No matter which way you swing it, video game consoles cost a lot of money. Even the more bargain-priced systems like the Wii and the Xbox 360 Arcade still leave a dent in your wallet at the end of the day, but most people just accept that as part of being a gamer. The Bargain Bin is here to disprove that idea. This week, we’re going to look at some hardware options that will allow you to play your game with some change to spare.
AV28G 2GB Portable Gaming System
Never heard of this bad boy? Neither had I until recently, but I’ve been itching to get my hands on one and it’s not hard to see why. The AV28G sports a whole slew of features such as MP3/MP4 capability, built-in DVR, camera, and camcorder capability, a voice recorder, and best of all, a built-in library of 960 retro games. Yes, you read correctly. 960. Now rest assured that this collection, which is essentially a third of the entire NES library and is dominated by trashy games that only a collector could appreciate, also includes a number of the best games Nintendo’s breakthrough console had to offer. Some of the finer titles include:
* Bubble Bobble
* Castlevania 1-3
* Double Dragon 1-3
* Dragon Warrior 1-4
* Final Fantasy 1-3
* The Legend of Zelda
* Life Force
* Mega Man 1-6
* Metal Gear 1 & 2
* Mike Tyson’s Punch Out!
* Ninja Gaiden 1-3
* Ultima 1-5
Quite a list, huh? And that’s only a fraction of the total list. The best part of this handheld is its unbelievable price. The AV28G sells for a mere $69.99 and it’s all legal and legit. If you’re looking for any sort of gift for fans of retro gaming, or just gaming in general, this wouldn’t a bad idea.
Game Boy Advance
While the original Game Boy Advance was replaced by the superior SP version of the handheld, it would be good for the various bargain shoppers out there to remember that the Advance has essentially the same capabilities, just planted in a different design. And I know, it might seem a bit silly to be talking about the values of the Advance when the DS has already been the standard for several years, but it’s important to remember the Advance’s high quality game library, and better yet, that many of these games still are even in mainstream game stores. Furthermore, the ability to play games from the original Game Boy era is a nice feature. It is a bit redundant nowadays, but it’s still nice to have for those gamers who don’t mind older graphics. The original Advance is available at Amazon used for a little less than thirty dollars as of this moment. Of course, if one would prefer the SP, it is still available, as is the Micro (though it lacks the Game Boy backwards compatibility), but the original is the cheapest model on the market and still does the job pretty well.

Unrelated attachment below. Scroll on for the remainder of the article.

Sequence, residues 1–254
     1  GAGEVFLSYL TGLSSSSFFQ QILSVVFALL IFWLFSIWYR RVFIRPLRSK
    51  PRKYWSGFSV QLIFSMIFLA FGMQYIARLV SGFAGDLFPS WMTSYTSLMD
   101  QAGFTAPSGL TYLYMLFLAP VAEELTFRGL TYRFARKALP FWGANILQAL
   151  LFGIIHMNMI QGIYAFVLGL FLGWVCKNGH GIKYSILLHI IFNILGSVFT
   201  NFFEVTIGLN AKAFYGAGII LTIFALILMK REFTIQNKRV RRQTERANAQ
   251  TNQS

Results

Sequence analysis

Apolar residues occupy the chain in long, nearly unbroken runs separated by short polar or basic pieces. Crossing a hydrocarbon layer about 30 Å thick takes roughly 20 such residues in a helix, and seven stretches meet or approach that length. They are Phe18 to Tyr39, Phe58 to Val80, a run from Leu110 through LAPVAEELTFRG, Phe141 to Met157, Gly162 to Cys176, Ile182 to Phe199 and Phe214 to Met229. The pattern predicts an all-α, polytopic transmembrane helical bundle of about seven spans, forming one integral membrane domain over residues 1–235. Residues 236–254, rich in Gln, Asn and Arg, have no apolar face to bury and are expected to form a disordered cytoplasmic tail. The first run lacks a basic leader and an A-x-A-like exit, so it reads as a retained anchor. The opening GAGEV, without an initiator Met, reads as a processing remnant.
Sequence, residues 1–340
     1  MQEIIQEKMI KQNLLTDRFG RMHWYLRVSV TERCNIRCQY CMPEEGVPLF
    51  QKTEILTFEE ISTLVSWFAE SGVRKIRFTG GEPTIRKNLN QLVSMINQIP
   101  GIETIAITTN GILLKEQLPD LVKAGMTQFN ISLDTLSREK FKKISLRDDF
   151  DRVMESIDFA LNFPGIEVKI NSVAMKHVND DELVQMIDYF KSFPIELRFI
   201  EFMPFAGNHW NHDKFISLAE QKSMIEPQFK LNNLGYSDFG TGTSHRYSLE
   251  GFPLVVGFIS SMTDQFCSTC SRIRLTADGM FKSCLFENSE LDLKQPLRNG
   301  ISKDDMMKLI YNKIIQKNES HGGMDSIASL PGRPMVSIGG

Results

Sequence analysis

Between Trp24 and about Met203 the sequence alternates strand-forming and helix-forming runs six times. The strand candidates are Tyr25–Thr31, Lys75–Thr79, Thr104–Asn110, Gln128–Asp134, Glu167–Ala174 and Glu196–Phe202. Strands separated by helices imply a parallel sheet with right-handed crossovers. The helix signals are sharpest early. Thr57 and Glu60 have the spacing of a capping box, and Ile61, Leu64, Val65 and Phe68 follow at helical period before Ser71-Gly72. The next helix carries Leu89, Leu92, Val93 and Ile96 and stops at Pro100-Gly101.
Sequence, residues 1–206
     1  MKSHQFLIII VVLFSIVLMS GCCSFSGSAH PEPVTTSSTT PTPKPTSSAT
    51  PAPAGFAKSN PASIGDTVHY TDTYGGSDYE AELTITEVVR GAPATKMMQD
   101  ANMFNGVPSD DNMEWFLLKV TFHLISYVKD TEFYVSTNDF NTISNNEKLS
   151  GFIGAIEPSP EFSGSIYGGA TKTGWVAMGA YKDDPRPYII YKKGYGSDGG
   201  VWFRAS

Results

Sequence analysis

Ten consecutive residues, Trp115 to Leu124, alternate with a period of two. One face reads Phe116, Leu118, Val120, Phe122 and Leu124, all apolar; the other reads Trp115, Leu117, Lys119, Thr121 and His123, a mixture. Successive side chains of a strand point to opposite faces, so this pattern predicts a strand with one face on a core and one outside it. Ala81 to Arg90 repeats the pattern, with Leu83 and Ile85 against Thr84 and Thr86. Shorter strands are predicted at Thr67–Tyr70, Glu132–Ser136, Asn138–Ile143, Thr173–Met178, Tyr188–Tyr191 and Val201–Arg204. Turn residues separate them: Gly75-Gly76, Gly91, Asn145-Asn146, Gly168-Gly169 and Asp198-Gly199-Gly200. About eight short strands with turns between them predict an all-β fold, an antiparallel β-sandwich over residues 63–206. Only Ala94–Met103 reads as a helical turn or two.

A lot of people have criticized the Wii for its severe lack of hardcore-tailored games. That being said, the Gamecube had more than its fair share of quality titles and if you’re that type of person who would rather not spend two hundred and fifty bucks on a console that will probably spend more time collecting dust than being played, but still want a taste of Nintendo goodness, the Gamecube is still available in many GameStop and EB Games stores for around thirty to fifty dollars. Additionally, you can pick up a slew of the best Gamecube games for around the same price you would pay for a single new current generation game. A lot of people tout the price point of the PS2 and its stellar library, but forget about the Gamecube and how insanely cheap it has become.
It might seem odd to have the most expensive console on the market featured in the Bargain Bin, but as a happy PS3 owner, it saddens me a bit that the four hundred dollar price tag has been holding so many otherwise interested gamers back from experiencing the numerous quality titles unique to the system. With sales less than stellar — though not really bad — a price drop is probably on its way eventually, but for the moment if you want a PS3 the price is still too much for too many people. That being said, depending on where you buy it, what model you’re seeking, and moreover, how you feel about used hardware, you can easily lop anywhere from 50-80 dollars off of the price.
For instance, I’m looking at eBay as I write this, and a new 40GB PS3 can be found for $320. An 80GB runs about $350. If you’re more interested in some of the older, and arguably superior models, a 20GB model with backwards compatibility can be bought now for $330. My point is that if you really want an affordable PS3, there are options, and while the above-mentioned 20GB hard drive might seem a bit scant, one of the selling points of the PS3 has long been the ease with which one can replace the hard drives depending on their personal tastes.
A price drop is expected for the PS3 but not guaranteed, and with a slew of great exclusives already released and on the horizon, it would be a shame for gamers to be denied access because of a price tag. So for those with the interest, but lacking the cash, shopping around might be the answer. Amazon and eBay alone are often great alternatives for better prices.